Demerit system for dodgy cabbies to be introduced to LegCo next year

Taxis on a busy street in Hong Kong in 2015.
Taxis on a busy street in Hong Kong in 2015.

The arrest this week of a brawling cabbie and his passenger (we’ll get to that momentarily) couldn’t have been more timely, coming the day before a proposed demerits system for taxi drivers took another step toward reality.

The duo were arrested in the wee hours of Tuesday morning for fighting in public after having a disagreement over parking in Tsing Yi that was caught on camera.

According to Apple Daily, the fight broke out in the early hours of Tuesday morning at the Cheung On Estate, and involved a 50-year-old taxi driver surnamed Lai (in the red shirt) and a 63-year-old passenger surnamed Poon (in the white shirt).

Video of the fight, which quickly popped up on Facebook, shows a security guard try and fail to intervene as Lai gets pushed into his taxi, and the pair kick and punch each other while yelling “you motherf*****!”

An eyewitness, surnamed Wong, who filmed the fight told Apple Daily: “The driver was asked to stop at On Chiu House and he wasn’t able to do so they started the fight.”

Both men were sent to hospital after being arrested for fighting in a public place. Poon was also arrested on suspicion of damaging property.

Meanwhile, as if on cue, documents were submitted the very next morning at LegCo with an eye toward creating a two-tier points system to punish taxi drivers who overcharge, tamper with meters, refuse fares, or take roundabout routes to their destinations, according a to report in the Hong Kong Economic Times.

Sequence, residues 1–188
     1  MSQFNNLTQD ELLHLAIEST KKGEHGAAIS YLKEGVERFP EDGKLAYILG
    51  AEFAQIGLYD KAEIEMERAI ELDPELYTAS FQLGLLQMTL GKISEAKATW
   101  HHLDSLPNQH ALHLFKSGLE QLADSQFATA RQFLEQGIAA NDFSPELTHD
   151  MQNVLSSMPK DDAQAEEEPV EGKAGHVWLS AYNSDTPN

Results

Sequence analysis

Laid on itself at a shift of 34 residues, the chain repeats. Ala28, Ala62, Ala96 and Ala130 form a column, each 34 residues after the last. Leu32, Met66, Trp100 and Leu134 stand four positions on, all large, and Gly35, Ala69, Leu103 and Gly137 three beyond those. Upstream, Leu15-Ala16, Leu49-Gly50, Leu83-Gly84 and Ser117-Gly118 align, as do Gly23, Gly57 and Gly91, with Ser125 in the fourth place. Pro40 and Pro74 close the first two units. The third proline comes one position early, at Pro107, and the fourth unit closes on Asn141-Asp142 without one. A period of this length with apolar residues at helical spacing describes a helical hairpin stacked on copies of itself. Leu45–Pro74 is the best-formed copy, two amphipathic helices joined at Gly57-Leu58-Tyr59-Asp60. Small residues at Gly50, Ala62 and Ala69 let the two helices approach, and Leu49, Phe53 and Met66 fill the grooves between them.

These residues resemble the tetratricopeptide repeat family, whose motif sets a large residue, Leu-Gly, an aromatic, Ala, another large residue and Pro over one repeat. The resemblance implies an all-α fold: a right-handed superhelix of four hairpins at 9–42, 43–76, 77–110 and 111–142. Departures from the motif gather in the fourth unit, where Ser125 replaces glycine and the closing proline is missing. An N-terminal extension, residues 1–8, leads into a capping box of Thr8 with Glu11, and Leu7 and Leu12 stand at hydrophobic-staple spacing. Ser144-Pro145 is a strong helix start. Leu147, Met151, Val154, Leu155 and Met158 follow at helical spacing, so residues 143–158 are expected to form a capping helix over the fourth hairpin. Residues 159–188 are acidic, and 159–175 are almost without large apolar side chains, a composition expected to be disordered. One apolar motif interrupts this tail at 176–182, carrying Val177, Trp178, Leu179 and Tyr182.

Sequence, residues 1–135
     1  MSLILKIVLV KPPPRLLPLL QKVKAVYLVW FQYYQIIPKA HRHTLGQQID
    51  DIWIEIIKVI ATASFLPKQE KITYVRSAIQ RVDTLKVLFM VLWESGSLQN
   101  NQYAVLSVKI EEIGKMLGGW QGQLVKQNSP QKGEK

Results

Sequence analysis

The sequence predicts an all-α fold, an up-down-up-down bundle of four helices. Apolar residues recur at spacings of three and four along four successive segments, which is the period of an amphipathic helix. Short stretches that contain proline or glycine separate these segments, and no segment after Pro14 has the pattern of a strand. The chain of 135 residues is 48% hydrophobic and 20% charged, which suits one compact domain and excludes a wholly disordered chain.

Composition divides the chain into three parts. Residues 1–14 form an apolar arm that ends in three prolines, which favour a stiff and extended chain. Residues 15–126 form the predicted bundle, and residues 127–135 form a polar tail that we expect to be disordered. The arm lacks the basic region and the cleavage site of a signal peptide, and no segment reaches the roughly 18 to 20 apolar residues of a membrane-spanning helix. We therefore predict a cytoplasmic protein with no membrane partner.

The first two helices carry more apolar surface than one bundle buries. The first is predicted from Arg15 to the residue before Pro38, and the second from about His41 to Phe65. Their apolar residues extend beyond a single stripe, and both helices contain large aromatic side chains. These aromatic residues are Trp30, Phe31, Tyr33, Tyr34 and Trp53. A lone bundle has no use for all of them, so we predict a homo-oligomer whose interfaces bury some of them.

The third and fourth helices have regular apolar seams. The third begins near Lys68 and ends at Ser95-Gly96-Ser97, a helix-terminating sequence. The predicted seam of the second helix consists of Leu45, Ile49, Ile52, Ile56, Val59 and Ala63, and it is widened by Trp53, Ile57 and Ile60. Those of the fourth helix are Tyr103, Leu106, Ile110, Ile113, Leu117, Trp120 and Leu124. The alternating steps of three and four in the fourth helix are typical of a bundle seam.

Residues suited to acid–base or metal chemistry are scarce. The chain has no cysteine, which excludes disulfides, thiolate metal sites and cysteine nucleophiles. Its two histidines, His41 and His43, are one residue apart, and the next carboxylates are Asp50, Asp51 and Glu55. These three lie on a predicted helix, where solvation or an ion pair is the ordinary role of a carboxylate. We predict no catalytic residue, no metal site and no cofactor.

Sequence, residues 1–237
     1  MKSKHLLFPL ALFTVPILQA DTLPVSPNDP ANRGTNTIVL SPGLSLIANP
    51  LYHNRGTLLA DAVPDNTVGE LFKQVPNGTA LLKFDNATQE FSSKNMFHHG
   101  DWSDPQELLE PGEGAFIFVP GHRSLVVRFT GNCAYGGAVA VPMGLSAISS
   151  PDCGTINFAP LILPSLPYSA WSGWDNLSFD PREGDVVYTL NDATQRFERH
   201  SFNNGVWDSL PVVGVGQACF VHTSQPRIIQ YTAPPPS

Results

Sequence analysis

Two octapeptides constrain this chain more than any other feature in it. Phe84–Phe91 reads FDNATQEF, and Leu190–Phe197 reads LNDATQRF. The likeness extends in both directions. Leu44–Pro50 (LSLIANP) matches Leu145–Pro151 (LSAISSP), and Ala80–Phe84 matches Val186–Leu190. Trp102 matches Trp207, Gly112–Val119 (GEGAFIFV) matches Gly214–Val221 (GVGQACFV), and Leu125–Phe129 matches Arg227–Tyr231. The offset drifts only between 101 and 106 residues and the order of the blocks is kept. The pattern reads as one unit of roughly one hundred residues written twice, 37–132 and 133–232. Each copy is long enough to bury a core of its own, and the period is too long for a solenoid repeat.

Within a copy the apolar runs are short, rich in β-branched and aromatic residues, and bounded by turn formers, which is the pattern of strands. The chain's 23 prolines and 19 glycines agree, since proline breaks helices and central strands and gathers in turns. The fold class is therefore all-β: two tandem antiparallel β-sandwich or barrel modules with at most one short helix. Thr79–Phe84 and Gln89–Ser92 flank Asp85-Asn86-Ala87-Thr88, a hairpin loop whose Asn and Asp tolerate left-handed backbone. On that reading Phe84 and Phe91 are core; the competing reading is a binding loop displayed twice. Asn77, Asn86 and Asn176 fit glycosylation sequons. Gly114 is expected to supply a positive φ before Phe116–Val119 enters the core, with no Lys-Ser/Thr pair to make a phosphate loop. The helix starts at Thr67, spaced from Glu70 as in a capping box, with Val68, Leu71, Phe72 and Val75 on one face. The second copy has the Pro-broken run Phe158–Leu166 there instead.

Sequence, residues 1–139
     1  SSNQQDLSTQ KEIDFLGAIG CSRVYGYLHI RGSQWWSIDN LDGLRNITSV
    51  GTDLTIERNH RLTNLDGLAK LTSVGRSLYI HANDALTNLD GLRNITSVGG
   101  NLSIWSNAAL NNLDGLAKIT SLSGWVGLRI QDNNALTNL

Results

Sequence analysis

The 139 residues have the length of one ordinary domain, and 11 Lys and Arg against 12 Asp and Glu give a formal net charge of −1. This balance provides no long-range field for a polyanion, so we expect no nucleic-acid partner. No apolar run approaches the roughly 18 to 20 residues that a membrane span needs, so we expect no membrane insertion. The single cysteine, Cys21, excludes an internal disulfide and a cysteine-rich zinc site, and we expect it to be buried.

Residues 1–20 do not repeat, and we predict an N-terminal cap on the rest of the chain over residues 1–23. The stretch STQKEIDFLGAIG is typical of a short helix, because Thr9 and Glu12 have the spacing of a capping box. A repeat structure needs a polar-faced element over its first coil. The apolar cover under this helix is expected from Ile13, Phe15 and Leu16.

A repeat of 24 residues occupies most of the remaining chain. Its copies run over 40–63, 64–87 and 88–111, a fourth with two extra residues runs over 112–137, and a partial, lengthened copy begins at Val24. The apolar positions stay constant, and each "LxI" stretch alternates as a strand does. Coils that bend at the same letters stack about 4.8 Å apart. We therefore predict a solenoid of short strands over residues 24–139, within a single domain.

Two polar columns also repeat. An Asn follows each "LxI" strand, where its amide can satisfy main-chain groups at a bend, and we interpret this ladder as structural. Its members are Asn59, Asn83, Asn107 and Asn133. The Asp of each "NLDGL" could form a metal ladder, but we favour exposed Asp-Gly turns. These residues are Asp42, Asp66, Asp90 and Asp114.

News of the proposed penalty system was first reported in May, and guidelines included installing CCTV cameras inside cabs.

Under the new proposals, drivers who violate any of the above may have five to 10 points deducted depending on the seriousness of the crime and have their driving license suspended for three months.

For cabbies who have accumulated 15 or more points in two years, their driving license will be suspended for six months.

The government is expected to release the guidelines in full later this year.

Under the current Road Traffic Ordinance, committing any of the offences mentioned above can land you up to six months in jail and a fine of HK$10,000 (US$1,300), while a repeat offender may face 12 months imprisonment and a fine of HK$25,000 (US$3,200).

The Transport Complaints Bureau received 2,720 reports about taxi services in the first quarter of 2018 — a 10 percent decrease from the previous quarter.

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